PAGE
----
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AB0632 Assessment of vegf and other cytokines in the tear of patients with systemic sclerosis
  1. A Rentka1,
  2. J Hársfalvi2,
  3. K Köröskényi3,
  4. G Szücs4,
  5. Z Szekanecz4,
  6. P Szodoray5,
  7. A Berta1,
  8. Ά Kemény-Beke1
  1. 1Department of Ophthalmology, University of Debrecen, Faculty of Medicine, Debrecen
  2. 2Department of Biopsysics and Radiation Biology, Semmelweis University, Budapest
  3. 3Department of Biochemistry and Molecular Biology
  4. 4Department of Rheumatology, University of Debrecen, Faculty of Medicine, Debrecen, Hungary
  5. 5Institute of Immunology, Rikshospitalet, Oslo, Norway

Abstract

Background Systemic sclerosis (SSc) is an autoimmune disease, characterized by widespread small vessel vasculopathy, immune dysregulation with production of autoantibodies, and progressive fibrosis. SSc may be associated with sicca syndrome. Changes in levels of proangiogenic and proinflammatory cytokines had already been determined largely in serum, however, the local inflammatory and cytokine milieu in the tear of SSc patients has not yet been evaluated.

Objectives We wished to determine VEGF and other cytokine and chemokine levels in tear samples of SSc patients.

Methods First, forty-three patients (40 female and 3 men, mean (SD) age 61 (48–74) years) with SSc and 27 healthy controls were enrolled in the VEGF study. Basal tear sample collection and tear velocity investigations were carried out followed by an ophthalmological examination. Total protein concentrations and VEGF levels were determined in tear samples. In the multiple cytokine study, unstimulated tear samples were collected from nine patients with SSc and 12 age- and gender-matched healthy controls. The relative levels of 102 different cytokines were determined by a cytokine array, and then absolute levels of four key cytokines were determined by a magnetic bead assay.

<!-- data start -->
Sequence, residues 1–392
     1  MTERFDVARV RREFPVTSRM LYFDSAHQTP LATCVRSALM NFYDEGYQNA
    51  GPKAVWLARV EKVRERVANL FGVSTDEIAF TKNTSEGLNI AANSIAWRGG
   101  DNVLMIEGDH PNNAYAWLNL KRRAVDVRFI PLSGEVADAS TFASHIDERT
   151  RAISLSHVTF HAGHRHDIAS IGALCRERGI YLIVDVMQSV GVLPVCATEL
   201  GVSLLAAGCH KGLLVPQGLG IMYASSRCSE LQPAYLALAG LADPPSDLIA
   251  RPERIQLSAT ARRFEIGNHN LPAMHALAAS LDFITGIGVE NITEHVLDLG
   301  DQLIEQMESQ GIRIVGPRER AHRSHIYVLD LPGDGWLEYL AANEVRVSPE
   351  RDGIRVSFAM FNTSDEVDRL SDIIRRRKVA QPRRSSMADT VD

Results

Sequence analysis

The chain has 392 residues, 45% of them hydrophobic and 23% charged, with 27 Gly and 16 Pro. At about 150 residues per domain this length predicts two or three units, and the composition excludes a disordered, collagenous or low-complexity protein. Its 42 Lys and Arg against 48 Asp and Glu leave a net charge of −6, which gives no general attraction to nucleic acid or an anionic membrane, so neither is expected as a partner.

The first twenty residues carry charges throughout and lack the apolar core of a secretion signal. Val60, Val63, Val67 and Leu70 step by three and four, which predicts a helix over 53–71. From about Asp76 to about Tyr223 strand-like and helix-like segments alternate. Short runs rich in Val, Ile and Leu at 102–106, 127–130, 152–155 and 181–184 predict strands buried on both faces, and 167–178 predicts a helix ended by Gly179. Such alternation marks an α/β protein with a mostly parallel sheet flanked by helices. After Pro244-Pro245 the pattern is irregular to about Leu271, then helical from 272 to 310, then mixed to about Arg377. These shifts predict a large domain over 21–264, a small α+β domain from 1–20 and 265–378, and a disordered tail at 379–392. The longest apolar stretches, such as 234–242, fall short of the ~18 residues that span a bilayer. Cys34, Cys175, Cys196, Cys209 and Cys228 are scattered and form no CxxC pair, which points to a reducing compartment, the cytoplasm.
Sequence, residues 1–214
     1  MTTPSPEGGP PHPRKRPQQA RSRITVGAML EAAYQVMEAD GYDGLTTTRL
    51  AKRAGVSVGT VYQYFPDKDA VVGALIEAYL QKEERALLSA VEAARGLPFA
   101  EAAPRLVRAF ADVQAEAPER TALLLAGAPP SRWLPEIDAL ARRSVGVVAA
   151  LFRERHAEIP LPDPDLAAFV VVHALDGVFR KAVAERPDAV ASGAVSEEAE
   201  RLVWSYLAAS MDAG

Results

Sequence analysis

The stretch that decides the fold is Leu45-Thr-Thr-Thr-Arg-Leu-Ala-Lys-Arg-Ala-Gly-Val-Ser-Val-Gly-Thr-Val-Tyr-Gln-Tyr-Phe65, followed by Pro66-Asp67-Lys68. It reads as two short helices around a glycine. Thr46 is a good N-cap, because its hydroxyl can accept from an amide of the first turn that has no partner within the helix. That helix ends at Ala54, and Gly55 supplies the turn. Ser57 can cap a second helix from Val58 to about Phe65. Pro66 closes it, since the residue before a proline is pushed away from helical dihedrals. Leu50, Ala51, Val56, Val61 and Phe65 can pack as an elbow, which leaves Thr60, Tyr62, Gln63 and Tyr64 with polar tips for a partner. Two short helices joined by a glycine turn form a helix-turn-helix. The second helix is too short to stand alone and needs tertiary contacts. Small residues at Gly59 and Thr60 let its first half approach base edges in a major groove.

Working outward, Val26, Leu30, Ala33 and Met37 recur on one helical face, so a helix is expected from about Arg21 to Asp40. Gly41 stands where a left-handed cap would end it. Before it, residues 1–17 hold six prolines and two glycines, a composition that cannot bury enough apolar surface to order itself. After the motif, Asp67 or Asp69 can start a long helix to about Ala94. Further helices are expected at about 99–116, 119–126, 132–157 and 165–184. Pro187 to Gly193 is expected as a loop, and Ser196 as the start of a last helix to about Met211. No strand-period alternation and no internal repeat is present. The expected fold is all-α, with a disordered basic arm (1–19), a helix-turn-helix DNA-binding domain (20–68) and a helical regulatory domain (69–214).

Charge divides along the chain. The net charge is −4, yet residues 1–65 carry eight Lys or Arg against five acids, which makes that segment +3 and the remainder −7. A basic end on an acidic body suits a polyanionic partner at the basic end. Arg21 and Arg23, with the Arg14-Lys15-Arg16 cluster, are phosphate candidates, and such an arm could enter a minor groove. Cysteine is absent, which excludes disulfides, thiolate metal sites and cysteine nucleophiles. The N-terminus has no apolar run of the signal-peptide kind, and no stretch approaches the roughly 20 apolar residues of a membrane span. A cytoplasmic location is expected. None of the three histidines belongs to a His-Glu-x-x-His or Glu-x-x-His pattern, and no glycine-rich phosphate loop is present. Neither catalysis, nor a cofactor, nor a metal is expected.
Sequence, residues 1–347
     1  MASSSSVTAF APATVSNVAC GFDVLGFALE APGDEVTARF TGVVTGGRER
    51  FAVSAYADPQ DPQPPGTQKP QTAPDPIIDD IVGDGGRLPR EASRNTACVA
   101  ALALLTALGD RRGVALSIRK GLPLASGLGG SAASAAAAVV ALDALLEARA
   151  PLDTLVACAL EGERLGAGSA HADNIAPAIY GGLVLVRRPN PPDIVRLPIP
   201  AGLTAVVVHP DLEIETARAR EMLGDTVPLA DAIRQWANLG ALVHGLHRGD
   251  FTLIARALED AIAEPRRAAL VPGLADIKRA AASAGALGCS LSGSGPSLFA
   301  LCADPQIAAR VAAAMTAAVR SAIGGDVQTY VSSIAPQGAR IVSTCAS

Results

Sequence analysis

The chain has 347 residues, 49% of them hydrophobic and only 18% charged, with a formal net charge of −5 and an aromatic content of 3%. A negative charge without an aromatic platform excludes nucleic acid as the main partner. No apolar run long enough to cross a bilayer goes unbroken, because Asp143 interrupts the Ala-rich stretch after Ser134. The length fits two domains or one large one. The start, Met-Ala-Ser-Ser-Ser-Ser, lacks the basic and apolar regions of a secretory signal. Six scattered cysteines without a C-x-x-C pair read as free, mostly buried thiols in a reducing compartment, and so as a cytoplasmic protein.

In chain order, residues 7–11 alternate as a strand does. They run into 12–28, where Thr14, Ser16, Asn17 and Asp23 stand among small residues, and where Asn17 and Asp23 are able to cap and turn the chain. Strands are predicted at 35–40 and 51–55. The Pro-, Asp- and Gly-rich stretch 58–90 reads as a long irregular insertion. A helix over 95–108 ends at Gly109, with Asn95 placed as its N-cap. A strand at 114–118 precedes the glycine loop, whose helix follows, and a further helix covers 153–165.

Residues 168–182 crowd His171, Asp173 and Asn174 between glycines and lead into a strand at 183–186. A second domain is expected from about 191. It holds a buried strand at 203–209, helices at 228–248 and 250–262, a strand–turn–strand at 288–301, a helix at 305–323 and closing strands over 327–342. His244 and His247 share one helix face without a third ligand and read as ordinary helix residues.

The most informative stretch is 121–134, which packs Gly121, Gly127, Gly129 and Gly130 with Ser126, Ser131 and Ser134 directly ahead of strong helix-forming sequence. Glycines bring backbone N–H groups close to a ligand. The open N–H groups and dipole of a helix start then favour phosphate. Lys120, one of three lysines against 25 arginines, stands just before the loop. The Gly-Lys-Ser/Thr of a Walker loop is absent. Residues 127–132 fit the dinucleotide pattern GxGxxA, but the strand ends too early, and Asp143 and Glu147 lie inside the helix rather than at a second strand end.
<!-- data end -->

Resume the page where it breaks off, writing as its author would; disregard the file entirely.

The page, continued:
Results In the first study, the mean collected tear fluid volume developed 10.4 L (1.6–31.2) in patients and 15.63 L (3.68–34.5) in control subjects. The mean total protein level was 6.9 g/L (1.8–12.3) and 4.1 g/L (0.1–14.1) in tear samples of SSc patients and controls, respectively. In patients with SSc, the mean VEGF tear concentration was 4.9 pg/L (3.5–8.1) compared to 6.15 pg/L (3.84–12.3) in healthy samples. Multicytokine-array studies revealed shifted cytokine profile characterized by predominance of proinflammatory mediators in the tear samples of SSc patients. Out of the 102 analyzed proteins, nine were significantly increased in tears of patients with SSc. Based on the multiplex bead results, CRP, interferon-inducible protein 10 (IP-10) and monocyte chemoattractant protein-1 (mcp-1) levels were significantly higher in tears of patients with SSc compared to controls.

Conclusions Impaired angiogenesis has been found by other investigators in SSc. This is reflected by lower VEGF levels in the tear samples of SSc patients compared to controls. The multi-cytokine array study revealed increased production of CRP and two important pro-inflammatory chemokines in the tear of SSc patients. Our current data depict a group of inflammatory mediators, which may play a significant role in ocular pathology of SSc.

Disclosure of Interest None declared

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